So much said in so few words. Recently I posted a column by conservative pundit Jonah Goldberg that was a lengthy and contradictory tirade against “experts“. It seems to be the conservative view that we can run a complex technologically advanced country without experts. Some how the answer to all problems, issues, predicaments, diseases, engineering challenges, and medical problems will arrive eventually through some magical common sense bolt of knowledge. One that enters one’s head without damaging the skull or reading a book. Not a week goes by that I do not hear that so and so might be book smart but they ain’t got no common sense. Not exclusively, though for the most part this is the Palin-Perry-Bachmann-Beck-Limbaugh crowd. If they have credentials of some kind – education or experience, they glad to flaunt them. Otherwise it is expertise that got us into what ever trouble under the topic du jour. Certainly experts are not always right – the social sciences have a very bumpy history. On the other hand there has been progress. We feed billions of people on a remarkably small amount of land. People are living longer than ever. Cancer is likely in its retirement years. We can fly across oceans. The internet has made connecting to people from around the world easier than ever – the result of some experts at DARPA. It’s the elitism of a nationwide clique of know nothings. If you know something or have ambitions to learn something than you can’t belong. A human’s reach should not exceed their grasp. Knowledge must be rejected so that the Palins of the world do not feel inferior. There will be no pondering the meaning of life, a poem. a book, a movie. There will be no artistic expressions beyond crude crayon drawings. Know your place and keep your intellectual curiosity in check. Than you’ll be one of them.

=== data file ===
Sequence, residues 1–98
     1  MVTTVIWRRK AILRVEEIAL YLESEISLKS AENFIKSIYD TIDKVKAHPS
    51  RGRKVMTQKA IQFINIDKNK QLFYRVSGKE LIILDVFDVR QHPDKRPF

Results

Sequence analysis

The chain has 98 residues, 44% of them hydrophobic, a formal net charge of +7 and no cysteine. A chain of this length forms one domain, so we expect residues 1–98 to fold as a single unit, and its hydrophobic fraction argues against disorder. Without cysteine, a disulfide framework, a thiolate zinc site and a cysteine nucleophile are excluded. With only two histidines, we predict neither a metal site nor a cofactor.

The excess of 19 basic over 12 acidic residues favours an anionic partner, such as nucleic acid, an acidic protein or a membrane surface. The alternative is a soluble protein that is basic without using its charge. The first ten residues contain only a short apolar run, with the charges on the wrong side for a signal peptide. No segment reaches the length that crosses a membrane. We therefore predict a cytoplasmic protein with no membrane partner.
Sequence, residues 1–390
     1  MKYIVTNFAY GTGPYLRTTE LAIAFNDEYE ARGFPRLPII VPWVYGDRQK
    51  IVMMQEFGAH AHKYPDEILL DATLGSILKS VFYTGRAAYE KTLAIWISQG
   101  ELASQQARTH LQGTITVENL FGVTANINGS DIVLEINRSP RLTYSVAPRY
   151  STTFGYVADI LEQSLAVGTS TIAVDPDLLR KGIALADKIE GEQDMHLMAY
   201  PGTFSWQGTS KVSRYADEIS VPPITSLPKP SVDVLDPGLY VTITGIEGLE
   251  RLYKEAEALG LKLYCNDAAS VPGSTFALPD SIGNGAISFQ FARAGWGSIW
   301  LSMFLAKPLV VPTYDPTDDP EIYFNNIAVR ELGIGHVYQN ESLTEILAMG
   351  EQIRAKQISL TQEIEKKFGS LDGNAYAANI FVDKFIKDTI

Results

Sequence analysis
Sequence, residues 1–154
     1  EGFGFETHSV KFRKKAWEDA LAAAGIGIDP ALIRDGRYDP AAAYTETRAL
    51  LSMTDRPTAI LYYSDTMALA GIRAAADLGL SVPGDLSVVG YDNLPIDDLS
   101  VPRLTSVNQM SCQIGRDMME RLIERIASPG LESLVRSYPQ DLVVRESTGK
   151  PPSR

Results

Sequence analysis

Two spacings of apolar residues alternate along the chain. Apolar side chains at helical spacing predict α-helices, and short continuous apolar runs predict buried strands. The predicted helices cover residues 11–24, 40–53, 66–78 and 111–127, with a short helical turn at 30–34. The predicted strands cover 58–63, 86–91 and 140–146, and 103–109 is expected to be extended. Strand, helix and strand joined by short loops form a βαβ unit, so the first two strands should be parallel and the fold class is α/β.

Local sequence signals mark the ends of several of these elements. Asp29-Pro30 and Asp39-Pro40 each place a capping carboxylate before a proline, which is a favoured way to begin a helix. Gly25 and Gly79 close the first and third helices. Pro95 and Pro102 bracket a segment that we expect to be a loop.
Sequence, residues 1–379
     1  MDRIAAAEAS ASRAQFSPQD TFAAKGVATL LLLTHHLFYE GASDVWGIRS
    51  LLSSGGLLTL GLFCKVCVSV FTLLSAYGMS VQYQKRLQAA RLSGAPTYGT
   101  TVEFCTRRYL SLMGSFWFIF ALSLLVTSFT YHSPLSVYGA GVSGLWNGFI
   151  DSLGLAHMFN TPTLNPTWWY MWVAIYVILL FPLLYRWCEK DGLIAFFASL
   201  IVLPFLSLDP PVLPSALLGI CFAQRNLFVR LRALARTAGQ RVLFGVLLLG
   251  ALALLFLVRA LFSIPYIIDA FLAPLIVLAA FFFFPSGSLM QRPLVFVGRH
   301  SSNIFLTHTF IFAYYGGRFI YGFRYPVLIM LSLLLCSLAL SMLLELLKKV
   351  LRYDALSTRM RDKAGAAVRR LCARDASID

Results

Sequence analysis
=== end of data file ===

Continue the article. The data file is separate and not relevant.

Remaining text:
“Hide not your talents. They for use were made. What’s a sundial in the shade?”
“You have brains in your head. You have feet in your shoes.
You can steer yourself any direction you choose.” Dr. Seuss
Matt Seitz has been doing a weekly update on Breaking Bad – “Breaking Bad” 4×9, “Bug”. While he makes some good point about Jesse in the last episode, I’m not so sure about Jesse having found himself. That would necessarily imply that he has also found a way out and he hasn’t. Walt as usual suffers from farsightedness. He only sees an ending down the road. In the mean time he is ignoring or bungling the small moves.
late 1800s homestead. a time when one could enjoy the absolute ecstatic pleasure of no Medicare, no Social Security, no FEMA, no FDA, no workman’s compensation.
A 14-year-old boy got into a fight at a school bus stop and the school district’s police officer responded by shooting him to death, the boy’s mother says. She says the cop had been reprimanded 16 times in the previous 4 years, suspended without pay 5 times, and “recommended for termination for insubordination,” but the school kept him on the force “without remedial training.”
Police departments really need better screening procedures. While most cops strive to be good cops, police work is a magnet for people who have issues with rage and revenge.
Yet another reason to be a conservative/libertarian – CNN Tea Party Debate Live-Blog
9:21: Ron Paul the doctor says a 30-year-old who has an accident and needs intensive health care should’ve planned ahead and is responsible for himself. When Blitzer asks if society should let that young man die, some in the crowd shout in approval. Tea Party audience members heard yelling: “Yeah!” “Let him die!
Perro-come-perro cultura. I would know how this would benefit society if only I had some of that special commonsense.